This is a story about your network’s value and considering new options.
We recently spent several months looking for a new Australian shepherd (aka. Aussie) to adopt. We scoured websites, slowly got re- approved by a rescue group we had previously adopted from, went to see available puppies, and put ourselves on waiting lists. Frustrating, for a family who has owned 4 Aussies already.
We also told EVERYONE we knew that we were searching for a new Aussie. Our goal was to adopt a young adult female, any color.
One night I got an unexpected call from our daughter’s boyfriend, in grad school at U. of Kentucky. A friend of a friend was looking to “re-home” her 5 year old Aussie. Her lifestyle had changed, and she didn’t have time to give him proper attention. (Australian shepherds are very active dogs who want to be with their people 150% of their days. “Velcro” dogs, they are called for a reason).
Hmmm…older than we wanted, a male, about 20 lb heavier than our previous dogs, but he sure looked cute in the pictures we saw…. So, we “met” Scout by Facetiming with his owner. She told us his positive attributes and warned us of his separation anxiety.
We decided to take a chance and adopt this dog we had not yet met. He made his long trek from TN to KY to IN where we picked him up to our home in IL.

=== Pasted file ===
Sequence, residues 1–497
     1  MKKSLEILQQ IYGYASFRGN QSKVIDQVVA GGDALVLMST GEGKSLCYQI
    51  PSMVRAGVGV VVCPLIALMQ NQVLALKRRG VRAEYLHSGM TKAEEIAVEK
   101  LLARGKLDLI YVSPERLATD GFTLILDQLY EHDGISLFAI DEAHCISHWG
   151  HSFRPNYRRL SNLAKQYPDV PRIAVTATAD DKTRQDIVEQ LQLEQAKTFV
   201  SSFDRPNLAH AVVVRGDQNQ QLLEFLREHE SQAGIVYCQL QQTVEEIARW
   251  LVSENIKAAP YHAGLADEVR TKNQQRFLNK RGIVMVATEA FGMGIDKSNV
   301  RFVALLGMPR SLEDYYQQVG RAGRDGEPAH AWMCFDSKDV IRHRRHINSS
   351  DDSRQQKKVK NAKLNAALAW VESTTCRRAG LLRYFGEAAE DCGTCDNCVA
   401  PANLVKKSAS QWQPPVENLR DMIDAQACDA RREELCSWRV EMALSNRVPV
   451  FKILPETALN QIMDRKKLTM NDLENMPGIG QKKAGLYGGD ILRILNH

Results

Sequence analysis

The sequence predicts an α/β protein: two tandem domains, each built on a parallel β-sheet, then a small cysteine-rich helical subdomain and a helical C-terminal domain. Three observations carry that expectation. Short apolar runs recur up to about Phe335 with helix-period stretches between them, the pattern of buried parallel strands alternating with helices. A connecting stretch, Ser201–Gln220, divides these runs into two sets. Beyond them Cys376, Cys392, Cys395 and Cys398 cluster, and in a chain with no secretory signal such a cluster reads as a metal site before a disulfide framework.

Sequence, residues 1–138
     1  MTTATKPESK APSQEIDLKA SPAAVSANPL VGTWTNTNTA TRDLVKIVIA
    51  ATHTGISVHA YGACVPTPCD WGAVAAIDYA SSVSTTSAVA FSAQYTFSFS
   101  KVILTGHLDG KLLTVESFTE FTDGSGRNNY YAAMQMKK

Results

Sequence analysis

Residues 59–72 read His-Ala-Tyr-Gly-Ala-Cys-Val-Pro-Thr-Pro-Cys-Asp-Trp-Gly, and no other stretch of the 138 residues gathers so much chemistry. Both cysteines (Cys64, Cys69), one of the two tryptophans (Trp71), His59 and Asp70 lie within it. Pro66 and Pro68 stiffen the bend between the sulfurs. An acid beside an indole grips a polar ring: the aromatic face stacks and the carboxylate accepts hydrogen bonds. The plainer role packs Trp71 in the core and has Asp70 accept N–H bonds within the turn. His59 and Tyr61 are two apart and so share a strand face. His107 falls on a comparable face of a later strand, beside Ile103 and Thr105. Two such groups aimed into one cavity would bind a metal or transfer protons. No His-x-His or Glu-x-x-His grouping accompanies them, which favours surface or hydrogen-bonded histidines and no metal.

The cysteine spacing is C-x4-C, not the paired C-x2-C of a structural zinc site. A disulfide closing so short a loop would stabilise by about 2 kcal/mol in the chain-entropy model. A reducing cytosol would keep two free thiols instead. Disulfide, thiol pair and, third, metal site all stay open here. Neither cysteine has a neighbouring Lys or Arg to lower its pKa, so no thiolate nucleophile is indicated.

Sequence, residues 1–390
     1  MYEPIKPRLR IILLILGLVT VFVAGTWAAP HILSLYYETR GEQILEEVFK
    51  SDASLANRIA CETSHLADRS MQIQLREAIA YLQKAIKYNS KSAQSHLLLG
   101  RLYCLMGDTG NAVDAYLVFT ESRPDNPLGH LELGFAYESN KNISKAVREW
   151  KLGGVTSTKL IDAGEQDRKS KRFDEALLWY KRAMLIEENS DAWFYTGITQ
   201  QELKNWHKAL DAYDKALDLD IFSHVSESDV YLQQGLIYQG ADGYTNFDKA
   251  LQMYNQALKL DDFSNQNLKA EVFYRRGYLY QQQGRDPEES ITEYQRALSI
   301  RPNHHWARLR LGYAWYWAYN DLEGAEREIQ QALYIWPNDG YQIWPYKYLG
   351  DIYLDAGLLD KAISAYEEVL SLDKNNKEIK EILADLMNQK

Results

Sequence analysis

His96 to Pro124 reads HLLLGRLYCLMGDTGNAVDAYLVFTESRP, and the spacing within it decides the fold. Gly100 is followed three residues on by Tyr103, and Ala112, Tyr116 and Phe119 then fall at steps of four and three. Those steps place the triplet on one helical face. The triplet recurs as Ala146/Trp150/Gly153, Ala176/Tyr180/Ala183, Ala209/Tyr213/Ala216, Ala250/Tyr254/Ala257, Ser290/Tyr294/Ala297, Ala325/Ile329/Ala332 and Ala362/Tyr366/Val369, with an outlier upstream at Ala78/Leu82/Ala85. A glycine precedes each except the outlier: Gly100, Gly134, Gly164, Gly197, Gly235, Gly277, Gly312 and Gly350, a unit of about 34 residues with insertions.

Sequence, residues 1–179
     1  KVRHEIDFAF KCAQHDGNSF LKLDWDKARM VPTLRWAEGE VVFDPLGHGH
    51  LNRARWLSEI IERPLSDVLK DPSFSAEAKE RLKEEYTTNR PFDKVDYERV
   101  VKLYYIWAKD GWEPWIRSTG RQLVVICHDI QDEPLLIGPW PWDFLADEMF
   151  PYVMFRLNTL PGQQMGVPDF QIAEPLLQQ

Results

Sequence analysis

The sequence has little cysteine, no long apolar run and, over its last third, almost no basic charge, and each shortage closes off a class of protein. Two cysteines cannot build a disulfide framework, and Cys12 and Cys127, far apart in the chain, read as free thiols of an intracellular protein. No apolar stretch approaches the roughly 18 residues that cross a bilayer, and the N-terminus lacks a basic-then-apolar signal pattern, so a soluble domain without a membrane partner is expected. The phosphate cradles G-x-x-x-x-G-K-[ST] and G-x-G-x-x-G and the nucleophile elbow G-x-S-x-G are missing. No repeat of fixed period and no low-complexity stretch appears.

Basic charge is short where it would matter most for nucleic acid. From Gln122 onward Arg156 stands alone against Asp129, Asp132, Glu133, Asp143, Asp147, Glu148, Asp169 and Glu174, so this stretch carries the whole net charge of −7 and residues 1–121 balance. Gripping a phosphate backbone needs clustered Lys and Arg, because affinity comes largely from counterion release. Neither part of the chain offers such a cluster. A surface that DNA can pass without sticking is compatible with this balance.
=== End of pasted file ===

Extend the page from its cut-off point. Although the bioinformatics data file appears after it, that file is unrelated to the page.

What a gem! Scout seemed at home after 2 days, using his bed only when one of the kids wouldn’t share theirs. One month later he feels as if he as always been our dog. This gentle creature is spoiled with love, walked daily, smart, affectionate, and his separation anxiety is slowly dissipating.
At first, it seems so random that we re-homed this dog that lived almost 200 miles away through a 3rd person link. But it was a lesson to me in the importance of using my network. You never know where your next connection might come from.
Scout didn’t fit the profile of the dogs we had before. But that’s the thing about expectations. Change them, and you open yourself up to opportunities you did not know existed.
The journey continues.